This paper proposes a brain-inspired cognitive architecture that incorporates approximations to the concepts of consciousness, imagination, and emotion. To emulate the empirically established cognitive efficacy of conscious as opposed to non-conscious information processing in the mammalian brain, the architecture adopts a model of information flow from global workspace theory. Cognitive functions such as anticipation and planning are realised through internal simulation of interaction with the environment. Action selection, in both actual and internally simulated interaction with the environment, is mediated by (...) affect. An implementation of the architecture is described which is based on weightless neurons and is used to control a simulated robot. (shrink)
Our aim in this reply is to defend Global Workspace theory (GWT) from the challenge of Block's article. We argue that Block's article relies on an outdated and imprecise concept of access, and perpetuates a common misunderstanding of GWT that conflates the global workspace with working memory. In the light of the relevant clarifications, Block's conclusion turns out to be unwarranted, and the basic tenets of GWT emerge unscathed.
The objectives of this article are twofold. First, by denying the dualism inherent in attempts to load metaphysical significance on the inner/outer distinction, it defends the view that scientific investigation can approach consciousness in itself, and is not somehow restricted in scope to the outward manifestations of a private and hidden realm. Second, it provisionally endorses the central tenets of global workspace theory, and recommends them as a possible basis for the sort of scientific understanding of consciousness thus legitimised. However, (...) the article goes on to argue that global workspace theory alone does not constitute a fully worked-out objective account of the conscious subject. This requires additional attention to be paid to the issue of embodiment, and to the possibility of indexicality that arises when an instantiation of the global workspace architecture inhabits a spatially localised body. (shrink)
This paper presents a computer model of cortical broadcast and competition based on spiking neurons and inspired by the hypothesis of a global neuronal workspace underlying conscious information processing in the human brain. In the model, the hypothesised workspace is realised by a collection of recurrently inter-connected regions capable of sustaining and disseminating a reverberating spatial pattern of activation. At the same time, the workspace remains susceptible to new patterns arriving from outlying cortical populations. Competition among these cortical populations for (...) influence on the workspace is effected by a combination of mutual inhibition and top-down amplification. (shrink)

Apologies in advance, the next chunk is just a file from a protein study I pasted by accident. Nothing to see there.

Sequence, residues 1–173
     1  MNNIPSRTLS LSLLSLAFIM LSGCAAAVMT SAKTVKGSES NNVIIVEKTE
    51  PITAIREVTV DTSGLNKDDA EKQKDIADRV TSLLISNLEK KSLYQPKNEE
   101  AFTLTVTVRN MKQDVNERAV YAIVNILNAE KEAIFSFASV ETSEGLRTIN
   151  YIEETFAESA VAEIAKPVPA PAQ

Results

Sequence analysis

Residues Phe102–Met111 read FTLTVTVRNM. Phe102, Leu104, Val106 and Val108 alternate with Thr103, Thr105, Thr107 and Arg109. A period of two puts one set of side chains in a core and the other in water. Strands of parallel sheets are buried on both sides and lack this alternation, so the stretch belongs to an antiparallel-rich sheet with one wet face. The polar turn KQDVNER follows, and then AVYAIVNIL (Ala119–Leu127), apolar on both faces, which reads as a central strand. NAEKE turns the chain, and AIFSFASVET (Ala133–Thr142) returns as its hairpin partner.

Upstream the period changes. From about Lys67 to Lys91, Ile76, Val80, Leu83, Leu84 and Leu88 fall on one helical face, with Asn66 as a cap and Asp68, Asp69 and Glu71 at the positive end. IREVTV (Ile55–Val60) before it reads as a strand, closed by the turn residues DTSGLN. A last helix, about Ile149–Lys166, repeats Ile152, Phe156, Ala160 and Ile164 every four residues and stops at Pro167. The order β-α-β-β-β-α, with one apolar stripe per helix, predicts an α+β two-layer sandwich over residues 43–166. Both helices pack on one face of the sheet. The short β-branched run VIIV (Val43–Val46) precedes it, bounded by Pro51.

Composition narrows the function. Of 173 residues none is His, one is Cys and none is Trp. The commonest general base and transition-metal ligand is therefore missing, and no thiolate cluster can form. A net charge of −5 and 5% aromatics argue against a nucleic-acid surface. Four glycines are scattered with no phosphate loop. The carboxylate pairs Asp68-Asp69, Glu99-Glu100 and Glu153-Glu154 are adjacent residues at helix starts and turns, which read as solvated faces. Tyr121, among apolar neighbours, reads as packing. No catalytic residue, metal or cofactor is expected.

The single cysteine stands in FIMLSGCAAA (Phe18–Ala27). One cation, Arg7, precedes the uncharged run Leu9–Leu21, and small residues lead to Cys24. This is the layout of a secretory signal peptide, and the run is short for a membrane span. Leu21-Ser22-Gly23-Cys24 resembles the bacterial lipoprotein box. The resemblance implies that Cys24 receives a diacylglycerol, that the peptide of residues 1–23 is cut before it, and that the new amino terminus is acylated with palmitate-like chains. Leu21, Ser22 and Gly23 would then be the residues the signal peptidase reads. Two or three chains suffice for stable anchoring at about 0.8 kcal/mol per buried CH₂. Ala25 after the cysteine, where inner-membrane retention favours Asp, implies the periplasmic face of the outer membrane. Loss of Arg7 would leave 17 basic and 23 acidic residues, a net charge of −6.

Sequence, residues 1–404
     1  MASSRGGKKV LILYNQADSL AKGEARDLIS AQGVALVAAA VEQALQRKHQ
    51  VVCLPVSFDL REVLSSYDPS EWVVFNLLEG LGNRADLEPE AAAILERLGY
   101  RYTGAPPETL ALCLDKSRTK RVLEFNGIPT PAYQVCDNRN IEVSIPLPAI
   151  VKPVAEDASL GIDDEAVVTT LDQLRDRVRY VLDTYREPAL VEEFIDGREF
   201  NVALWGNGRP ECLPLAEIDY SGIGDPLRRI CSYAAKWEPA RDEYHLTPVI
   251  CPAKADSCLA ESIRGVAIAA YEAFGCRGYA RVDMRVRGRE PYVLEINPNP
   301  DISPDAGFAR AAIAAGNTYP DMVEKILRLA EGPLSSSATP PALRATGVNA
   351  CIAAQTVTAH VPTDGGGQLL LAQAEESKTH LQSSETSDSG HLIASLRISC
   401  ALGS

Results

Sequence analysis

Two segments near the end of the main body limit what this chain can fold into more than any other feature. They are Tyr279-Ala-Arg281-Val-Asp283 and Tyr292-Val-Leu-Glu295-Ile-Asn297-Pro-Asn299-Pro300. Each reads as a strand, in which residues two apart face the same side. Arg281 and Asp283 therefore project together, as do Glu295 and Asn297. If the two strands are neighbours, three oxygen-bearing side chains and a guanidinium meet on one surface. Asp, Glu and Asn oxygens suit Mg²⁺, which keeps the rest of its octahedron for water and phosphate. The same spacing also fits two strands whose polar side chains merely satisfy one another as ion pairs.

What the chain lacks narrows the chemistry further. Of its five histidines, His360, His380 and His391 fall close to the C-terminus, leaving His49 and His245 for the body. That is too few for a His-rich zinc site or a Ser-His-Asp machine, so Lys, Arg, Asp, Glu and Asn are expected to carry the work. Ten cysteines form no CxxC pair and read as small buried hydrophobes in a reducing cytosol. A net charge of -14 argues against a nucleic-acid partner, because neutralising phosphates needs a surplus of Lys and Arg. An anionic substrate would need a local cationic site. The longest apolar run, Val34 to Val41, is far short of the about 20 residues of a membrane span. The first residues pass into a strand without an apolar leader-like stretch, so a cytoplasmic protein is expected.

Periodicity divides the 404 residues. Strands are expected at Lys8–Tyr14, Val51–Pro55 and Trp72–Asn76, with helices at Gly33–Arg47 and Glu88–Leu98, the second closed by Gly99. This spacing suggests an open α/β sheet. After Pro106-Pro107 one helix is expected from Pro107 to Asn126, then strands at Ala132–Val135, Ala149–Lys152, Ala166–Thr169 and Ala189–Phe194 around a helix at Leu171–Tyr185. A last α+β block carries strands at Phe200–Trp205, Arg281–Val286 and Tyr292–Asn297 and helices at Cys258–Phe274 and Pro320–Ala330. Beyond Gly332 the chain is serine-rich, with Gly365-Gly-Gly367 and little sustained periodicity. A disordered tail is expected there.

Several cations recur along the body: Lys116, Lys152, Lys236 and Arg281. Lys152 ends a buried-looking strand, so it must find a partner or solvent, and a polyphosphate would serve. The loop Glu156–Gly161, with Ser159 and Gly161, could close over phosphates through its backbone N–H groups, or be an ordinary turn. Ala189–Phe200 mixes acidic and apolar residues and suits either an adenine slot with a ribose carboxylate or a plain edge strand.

Artificial Intelligence is making rapid and remarkable progress in the development of more sophisticated and powerful systems. However, the acknowledgement of several problems with modern machine learning approaches has prompted a shift in AI benchmarking away from task-oriented testing towards ability-oriented testing, in which AI systems are tested on their capacity to solve certain kinds of novel problems. The Animal-AI Environment is one such benchmark which aims to apply the ability-oriented testing used in comparative psychology to AI systems. Here, we (...) present the first direct human-AI comparison in the Animal-AI Environment, using children aged 6–10. We found that children of all ages were significantly better than a sample of 30 AIs across most of the tests we examined, as well as performing significantly better than the two top-scoring AIs, “ironbar” and “Trrrrr,” from the Animal-AI Olympics Competition 2019. While children and AIs performed similarly on basic navigational tasks, AIs performed significantly worse in more complex cognitive tests, including detour tasks, spatial elimination tasks, and object permanence tasks, indicating that AIs lack several cognitive abilities that children aged 6–10 possess. Both children and AIs performed poorly on tool-use tasks, suggesting that these tests are challenging for both biological and non-biological machines. (shrink)
According to the singularity hypothesis, rapid and accelerating technological progress will in due course lead to the creation of a human-level artificial intelligence capable of designing a successor artificial intelligence of significantly greater cognitive prowess, and this will inaugurate a series of increasingly super-intelligent machines. But how much sense can we make of the idea of a being whose cognitive architecture is qualitatively superior to our own? This article argues that one fundamental limitation of human cognitive architecture is an inbuilt (...) commitment to a metaphysical division between subject and object, a commitment that could be overcome in an artificial intelligence lacking our biological heritage. (shrink)